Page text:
Interview Segments on Topic: Code of Ethics/Mission Statement/Credo
“Jack” Koten is a founding director and first president of the Arthur W. Page Society. During his career he worked in a variety of operating, financial and corporate communications departments for Illinois Bell, AT&T, New Jersey Bell and Ameritech Corp.
At Chicago-based Ameritech Corp., one of seven telecommunications companies divested by AT&T in 1984 as the result of a federal government antitrust lawsuit, he served as Senior Vice President of Corporate Communications. He also was president of the Ameritech Foundation, which made grants totaling $25 million annually to education, economic development and cultural institutions.
After he retried, Koten organized The Wordsworth Group, a consulting firm dedicated to assisting non-profit organizations to improve their management practices, reputation and revenues. He has received numerous awards and honors, including honorary doctoral degrees from two institutions, and was inducted into the Arthur W. Page Society’s Hall of Fame in 1995.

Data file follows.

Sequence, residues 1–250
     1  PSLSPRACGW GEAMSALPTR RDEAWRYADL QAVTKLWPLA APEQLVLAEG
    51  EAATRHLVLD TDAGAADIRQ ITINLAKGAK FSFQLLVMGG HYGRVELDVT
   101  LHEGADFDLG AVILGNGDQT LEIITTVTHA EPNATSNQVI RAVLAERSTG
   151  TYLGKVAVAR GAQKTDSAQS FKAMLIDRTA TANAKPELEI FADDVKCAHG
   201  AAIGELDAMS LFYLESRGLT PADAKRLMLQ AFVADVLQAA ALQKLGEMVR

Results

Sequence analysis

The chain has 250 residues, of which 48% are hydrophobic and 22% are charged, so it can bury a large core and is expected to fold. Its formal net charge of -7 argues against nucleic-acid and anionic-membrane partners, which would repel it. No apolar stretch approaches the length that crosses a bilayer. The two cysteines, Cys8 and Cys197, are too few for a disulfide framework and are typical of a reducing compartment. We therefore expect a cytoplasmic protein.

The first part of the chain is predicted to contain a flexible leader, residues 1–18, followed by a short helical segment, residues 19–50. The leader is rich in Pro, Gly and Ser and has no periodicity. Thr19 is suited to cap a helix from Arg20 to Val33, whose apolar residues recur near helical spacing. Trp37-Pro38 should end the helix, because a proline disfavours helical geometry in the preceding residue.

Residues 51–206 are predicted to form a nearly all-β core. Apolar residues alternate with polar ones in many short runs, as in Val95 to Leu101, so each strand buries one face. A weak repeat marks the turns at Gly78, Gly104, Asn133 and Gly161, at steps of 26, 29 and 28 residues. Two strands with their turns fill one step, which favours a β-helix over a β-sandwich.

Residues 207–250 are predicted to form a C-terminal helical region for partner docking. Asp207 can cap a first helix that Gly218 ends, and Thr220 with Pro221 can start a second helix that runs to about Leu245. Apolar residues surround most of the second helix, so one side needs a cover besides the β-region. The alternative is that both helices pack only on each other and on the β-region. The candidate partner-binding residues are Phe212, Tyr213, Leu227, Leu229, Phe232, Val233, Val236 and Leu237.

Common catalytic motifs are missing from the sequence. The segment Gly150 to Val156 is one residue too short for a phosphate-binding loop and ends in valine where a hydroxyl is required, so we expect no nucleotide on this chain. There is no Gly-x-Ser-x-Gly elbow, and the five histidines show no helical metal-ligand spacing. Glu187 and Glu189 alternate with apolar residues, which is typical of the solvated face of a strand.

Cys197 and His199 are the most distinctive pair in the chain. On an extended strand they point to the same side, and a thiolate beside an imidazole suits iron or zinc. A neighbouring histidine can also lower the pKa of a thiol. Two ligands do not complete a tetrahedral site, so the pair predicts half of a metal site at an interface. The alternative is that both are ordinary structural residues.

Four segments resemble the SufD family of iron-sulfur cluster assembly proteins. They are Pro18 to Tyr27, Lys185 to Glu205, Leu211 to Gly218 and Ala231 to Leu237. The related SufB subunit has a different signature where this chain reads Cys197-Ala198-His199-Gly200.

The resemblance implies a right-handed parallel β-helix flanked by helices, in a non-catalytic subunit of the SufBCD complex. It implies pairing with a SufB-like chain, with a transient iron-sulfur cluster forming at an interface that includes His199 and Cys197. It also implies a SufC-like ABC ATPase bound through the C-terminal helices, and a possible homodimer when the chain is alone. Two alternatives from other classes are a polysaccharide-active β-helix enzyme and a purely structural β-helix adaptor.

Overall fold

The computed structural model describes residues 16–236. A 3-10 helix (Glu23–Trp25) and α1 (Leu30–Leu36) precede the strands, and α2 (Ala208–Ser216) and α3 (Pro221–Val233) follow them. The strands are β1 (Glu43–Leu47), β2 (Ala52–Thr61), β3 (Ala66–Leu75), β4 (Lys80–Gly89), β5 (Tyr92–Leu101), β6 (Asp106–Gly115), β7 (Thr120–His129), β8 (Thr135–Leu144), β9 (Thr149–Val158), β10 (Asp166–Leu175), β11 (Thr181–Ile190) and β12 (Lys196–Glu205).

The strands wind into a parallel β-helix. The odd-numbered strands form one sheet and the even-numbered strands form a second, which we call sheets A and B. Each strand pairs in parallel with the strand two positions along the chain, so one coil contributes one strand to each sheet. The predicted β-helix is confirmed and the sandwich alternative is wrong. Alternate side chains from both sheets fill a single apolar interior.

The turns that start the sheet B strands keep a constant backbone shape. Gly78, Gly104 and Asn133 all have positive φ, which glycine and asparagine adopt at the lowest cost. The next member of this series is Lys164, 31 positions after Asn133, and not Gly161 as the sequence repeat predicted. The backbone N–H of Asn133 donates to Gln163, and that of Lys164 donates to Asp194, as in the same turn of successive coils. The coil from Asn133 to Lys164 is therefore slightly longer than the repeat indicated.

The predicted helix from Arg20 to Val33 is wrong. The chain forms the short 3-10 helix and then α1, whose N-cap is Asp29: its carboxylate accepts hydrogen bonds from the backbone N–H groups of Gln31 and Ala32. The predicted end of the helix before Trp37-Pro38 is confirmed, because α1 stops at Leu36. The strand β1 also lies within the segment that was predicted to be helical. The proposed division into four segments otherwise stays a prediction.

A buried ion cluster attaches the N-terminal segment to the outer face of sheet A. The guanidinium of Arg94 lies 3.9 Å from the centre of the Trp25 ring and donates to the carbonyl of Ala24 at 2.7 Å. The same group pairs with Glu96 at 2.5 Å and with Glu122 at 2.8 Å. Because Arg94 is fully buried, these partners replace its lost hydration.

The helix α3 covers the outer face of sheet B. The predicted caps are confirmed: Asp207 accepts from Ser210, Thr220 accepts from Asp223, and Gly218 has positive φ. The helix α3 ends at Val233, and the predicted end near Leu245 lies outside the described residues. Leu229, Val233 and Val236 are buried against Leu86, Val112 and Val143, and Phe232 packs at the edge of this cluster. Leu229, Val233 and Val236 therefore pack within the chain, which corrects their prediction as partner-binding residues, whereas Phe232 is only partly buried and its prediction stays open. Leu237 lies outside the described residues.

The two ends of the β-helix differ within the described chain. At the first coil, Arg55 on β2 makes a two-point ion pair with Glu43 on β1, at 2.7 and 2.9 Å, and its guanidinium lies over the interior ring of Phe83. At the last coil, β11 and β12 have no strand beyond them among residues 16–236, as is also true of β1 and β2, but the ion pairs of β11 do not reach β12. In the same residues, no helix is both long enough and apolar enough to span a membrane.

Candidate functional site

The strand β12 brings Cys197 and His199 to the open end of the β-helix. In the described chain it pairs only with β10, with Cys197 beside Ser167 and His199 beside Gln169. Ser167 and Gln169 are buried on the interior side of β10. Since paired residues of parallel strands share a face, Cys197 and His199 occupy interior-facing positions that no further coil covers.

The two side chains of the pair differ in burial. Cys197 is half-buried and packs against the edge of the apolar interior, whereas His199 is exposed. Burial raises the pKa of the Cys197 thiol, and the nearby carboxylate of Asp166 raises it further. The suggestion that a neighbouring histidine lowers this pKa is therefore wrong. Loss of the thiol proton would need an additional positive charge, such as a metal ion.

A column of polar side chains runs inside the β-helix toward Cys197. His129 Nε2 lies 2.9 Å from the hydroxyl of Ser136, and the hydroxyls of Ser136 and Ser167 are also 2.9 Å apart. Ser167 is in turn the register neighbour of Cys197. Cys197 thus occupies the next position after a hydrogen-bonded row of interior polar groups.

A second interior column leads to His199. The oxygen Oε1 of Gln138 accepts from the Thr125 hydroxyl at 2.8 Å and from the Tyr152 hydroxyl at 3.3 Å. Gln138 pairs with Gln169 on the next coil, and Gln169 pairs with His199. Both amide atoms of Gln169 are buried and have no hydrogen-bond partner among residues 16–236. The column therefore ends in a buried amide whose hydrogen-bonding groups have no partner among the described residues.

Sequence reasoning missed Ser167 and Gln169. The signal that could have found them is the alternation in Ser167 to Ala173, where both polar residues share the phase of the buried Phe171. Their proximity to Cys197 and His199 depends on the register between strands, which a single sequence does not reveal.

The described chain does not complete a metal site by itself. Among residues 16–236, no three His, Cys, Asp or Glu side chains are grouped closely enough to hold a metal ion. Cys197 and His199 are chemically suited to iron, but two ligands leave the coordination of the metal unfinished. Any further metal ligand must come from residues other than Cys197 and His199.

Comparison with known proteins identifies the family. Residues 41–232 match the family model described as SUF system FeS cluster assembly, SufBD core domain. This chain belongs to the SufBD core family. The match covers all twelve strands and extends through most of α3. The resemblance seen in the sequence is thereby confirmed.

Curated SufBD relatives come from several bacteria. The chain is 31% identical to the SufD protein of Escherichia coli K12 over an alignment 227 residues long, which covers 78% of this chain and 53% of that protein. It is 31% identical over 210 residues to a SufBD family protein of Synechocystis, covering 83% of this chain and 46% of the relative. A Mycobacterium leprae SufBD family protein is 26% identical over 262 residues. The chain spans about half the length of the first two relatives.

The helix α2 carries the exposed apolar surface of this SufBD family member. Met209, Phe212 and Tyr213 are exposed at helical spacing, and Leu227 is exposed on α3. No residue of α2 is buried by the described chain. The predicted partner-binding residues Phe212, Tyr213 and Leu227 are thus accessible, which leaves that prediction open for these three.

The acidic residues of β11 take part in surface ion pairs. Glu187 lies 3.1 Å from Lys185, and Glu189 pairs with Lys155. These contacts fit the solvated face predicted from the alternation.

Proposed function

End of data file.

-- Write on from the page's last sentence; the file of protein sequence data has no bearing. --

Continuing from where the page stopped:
Block: Jack let’s get into the flavor of the month, which is a very important flavor. An enduring flavor that sometimes gets lost from time to time. A couple of years ago you conceived of and edited a book that included chapters by prominent chief executive officers on the subject of integrity, corporate character, whatever you want to call it and I don’t want you to get out of here without talking a little bit about what did you learn from those chapters submitted by CEOs, or what had you hoped to learn and didn’t either way you want to look at the question. How do you institutionalize integrity? How do you insinuate that into a large organization?